Halloween Countdown, Day 11: Night of the Living Dead

Night of the Living Dead (1968)

From the brightly lit opening cemetery sequence to the paranoid power struggle in the house to the devastating closing montage, Night of the Living Dead teems with the racial, sexual and political tensions of its time. An unsettlingly relevant George A. Romero knew how to push societal panic buttons.

Two hundred miles outside Pittsburgh, squabbling siblings Barbara and Johnny visit a cemetery to put a wreath on their father’s grave. Then comes the first of the film’s many iconic quotes: They’re coming to get you, Barbara.

My favorite, though, has always been, “Yeah, they’re dead. They’re all messed up.”

A befuddled, borderline useless Barbara (Judith O’Dea) stumbles to an old farmhouse, where the very useful and not easily befuddled Ben (Duane Jones) takes her under his wing and boards up the place. Meanwhile, TV newsmen declare that the, “scene can best be described as mayhem” and note that Barbara, Ben and all those folks down the basement should avoid the mayhem’s “murder-happy characters.”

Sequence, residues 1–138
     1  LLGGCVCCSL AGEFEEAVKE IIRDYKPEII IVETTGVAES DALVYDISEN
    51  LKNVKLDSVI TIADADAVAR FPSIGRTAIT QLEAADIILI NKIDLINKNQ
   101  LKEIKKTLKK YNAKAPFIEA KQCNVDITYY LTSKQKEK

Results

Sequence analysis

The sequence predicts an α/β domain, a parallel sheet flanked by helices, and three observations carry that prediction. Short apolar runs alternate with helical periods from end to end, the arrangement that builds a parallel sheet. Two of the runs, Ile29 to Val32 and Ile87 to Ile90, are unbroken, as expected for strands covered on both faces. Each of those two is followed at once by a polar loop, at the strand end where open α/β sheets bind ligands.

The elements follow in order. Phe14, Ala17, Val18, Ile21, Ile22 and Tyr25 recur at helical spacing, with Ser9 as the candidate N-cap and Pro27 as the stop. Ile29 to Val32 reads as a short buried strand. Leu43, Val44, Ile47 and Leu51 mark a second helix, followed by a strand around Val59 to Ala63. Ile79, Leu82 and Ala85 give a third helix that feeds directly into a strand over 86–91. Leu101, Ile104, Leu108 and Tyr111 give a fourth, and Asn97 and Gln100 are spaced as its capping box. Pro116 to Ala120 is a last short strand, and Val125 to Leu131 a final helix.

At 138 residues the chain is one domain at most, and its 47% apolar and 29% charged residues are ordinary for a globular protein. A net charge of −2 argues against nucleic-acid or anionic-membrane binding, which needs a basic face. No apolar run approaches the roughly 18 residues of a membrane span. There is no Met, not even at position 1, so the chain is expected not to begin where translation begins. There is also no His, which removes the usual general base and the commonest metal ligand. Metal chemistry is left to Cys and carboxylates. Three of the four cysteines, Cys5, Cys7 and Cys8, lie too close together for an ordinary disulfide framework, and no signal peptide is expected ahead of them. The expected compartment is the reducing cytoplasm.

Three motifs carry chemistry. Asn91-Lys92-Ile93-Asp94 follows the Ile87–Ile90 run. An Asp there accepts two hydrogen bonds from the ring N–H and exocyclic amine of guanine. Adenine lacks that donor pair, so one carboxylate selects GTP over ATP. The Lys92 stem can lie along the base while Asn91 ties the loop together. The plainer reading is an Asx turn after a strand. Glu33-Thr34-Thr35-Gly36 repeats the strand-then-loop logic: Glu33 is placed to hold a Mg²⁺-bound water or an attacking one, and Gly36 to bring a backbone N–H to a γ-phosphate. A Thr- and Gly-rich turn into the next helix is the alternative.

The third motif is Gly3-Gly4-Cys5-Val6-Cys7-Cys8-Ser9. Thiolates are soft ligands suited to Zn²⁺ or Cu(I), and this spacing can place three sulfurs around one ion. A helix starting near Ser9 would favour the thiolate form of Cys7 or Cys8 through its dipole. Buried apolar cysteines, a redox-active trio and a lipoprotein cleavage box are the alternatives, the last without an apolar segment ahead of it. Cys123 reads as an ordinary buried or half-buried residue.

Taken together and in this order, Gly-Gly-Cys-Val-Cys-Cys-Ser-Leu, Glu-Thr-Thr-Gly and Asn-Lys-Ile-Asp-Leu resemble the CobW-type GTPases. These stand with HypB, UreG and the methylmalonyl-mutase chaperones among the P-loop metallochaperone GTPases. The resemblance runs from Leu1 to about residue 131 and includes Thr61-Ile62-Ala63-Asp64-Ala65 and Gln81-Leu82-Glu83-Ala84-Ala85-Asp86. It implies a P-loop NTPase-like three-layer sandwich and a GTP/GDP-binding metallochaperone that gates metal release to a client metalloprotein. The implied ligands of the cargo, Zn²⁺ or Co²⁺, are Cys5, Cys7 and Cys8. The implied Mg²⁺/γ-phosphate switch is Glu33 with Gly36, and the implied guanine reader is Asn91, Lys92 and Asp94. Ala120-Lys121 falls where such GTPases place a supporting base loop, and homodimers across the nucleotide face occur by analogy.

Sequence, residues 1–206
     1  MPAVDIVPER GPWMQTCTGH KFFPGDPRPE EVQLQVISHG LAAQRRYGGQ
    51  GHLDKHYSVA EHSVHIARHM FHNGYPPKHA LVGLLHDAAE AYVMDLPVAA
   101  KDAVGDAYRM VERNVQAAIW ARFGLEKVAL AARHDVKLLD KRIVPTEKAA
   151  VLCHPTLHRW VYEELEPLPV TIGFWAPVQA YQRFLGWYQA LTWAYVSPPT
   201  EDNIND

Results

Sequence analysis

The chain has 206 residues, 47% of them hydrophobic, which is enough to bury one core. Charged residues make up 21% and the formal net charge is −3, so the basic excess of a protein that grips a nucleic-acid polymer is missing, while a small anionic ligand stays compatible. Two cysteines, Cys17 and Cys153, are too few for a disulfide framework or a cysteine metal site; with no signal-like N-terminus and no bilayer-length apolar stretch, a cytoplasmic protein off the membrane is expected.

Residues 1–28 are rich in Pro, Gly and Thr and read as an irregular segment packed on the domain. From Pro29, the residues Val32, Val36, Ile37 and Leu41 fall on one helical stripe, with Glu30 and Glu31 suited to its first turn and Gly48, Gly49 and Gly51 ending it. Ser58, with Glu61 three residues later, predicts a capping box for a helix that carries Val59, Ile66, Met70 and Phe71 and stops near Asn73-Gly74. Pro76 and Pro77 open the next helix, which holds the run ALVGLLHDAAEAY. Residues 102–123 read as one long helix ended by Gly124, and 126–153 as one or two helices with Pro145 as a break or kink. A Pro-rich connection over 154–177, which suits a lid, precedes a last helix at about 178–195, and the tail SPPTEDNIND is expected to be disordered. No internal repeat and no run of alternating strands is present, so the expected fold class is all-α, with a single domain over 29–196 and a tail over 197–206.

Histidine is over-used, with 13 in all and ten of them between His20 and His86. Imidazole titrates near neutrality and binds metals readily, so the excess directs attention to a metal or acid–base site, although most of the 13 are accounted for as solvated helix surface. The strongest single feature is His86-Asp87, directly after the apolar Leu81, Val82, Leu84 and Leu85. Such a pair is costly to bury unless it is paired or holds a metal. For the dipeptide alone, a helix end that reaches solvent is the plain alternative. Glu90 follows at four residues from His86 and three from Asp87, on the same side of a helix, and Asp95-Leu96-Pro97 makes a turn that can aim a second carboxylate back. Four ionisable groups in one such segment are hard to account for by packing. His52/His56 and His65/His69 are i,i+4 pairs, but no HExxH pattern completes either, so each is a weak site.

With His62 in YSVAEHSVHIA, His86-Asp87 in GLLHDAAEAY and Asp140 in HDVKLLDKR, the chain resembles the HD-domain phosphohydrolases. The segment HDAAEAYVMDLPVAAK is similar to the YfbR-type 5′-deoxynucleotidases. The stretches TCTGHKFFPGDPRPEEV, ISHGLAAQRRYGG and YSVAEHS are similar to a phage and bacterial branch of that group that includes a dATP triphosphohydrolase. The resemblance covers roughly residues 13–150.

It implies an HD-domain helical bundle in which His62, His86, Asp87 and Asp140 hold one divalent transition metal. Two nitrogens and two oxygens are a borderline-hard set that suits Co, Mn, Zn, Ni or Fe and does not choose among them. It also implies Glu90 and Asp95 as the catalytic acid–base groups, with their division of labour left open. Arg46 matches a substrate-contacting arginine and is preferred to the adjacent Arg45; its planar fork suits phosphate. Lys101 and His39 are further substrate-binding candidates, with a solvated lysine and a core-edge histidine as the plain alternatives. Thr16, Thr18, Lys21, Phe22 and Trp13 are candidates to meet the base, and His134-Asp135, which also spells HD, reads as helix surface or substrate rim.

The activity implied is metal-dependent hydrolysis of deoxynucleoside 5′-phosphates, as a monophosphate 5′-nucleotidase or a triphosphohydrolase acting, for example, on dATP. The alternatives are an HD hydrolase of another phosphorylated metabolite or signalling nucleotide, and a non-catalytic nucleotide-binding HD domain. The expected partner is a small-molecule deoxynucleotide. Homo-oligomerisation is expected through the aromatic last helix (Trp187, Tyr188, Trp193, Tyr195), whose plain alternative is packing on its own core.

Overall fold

Romero’s responsible for more than just outstanding dialogue. (OK, at times, like the heavy handed score, the dialogue isn’t entirely outstanding. But often enough, it is.) As the first film of its kind, the lasting impact of this picture on horror cinema is hard to overstate. His inventive imagination created the genre and the monster from the ground up.

They’re dead.

They’re back.

They’re hungry for human flesh.

Their bite infects the bitten.

The bitten will eventually bite.

Aim for the head.

The tensions inside the house are almost as serious as the danger outside the house, once bossypants Mr. Cooper pokes his head out of the basement. And wouldn’t everybody be better off if Romero could write a worthwhile part for a female?

Still, the shrill sense of confinement, the danger of one inmate turning on another, and the unthinkable transformation going on in the cellar build to a startling climax – one that utterly upends expectations – followed by the kind of absolutely genius ending that guarantees the film’s eternal position in the annals of horror cinema.

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